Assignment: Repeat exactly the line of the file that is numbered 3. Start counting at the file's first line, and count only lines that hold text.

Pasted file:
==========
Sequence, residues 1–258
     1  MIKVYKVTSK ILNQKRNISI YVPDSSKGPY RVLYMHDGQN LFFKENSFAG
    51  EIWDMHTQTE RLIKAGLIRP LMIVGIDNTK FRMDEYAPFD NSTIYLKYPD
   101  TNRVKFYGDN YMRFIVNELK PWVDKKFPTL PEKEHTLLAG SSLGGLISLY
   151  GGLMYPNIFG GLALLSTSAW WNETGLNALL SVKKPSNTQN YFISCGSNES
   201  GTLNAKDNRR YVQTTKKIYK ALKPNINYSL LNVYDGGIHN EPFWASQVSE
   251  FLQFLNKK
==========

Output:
    51  EIWDMHTQTE RLIKAGLIRP LMIVGIDNTK FRMDEYAPFD NSTIYLKYPD